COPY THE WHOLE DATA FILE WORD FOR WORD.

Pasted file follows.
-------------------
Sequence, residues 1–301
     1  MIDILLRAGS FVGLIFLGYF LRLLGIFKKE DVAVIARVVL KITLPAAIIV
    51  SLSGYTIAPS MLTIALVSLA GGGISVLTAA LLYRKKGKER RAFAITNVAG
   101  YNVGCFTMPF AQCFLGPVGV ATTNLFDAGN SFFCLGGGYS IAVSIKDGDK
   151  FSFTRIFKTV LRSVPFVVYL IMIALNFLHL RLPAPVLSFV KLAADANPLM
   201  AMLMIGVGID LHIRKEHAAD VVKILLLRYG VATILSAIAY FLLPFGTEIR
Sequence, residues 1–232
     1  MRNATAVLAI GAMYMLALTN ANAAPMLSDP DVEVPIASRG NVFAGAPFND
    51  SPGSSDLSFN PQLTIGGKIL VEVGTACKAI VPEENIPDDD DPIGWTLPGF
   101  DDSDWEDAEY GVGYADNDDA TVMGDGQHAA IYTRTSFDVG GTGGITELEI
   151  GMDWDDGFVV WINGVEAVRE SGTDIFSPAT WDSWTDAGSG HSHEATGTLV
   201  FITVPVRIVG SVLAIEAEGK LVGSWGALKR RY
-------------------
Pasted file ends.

Sequence, residues 1–301
     1  MIDILLRAGS FVGLIFLGYF LRLLGIFKKE DVAVIARVVL KITLPAAIIV
    51  SLSGYTIAPS MLTIALVSLA GGGISVLTAA LLYRKKGKER RAFAITNVAG
   101  YNVGCFTMPF AQCFLGPVGV ATTNLFDAGN SFFCLGGGYS IAVSIKDGDK
   151  FSFTRIFKTV LRSVPFVVYL IMIALNFLHL RLPAPVLSFV KLAADANPLM
   201  AMLMIGVGID LHIRKEHAAD VVKILLLRYG VATILSAIAY FLLPFGTEIR
Sequence, residues 1–232
     1  MRNATAVLAI GAMYMLALTN ANAAPMLSDP DVEVPIASRG NVFAGAPFND
    51  SPGSSDLSFN PQLTIGGKIL VEVGTACKAI VPEENIPDDD DPIGWTLPGF
   101  DDSDWEDAEY GVGYADNDDA TVMGDGQHAA IYTRTSFDVG GTGGITELEI
   151  GMDWDDGFVV WINGVEAVRE SGTDIFSPAT WDSWTDAGSG HSHEATGTLV
   201  FITVPVRIVG SVLAIEAEGK LVGSWGALKR RY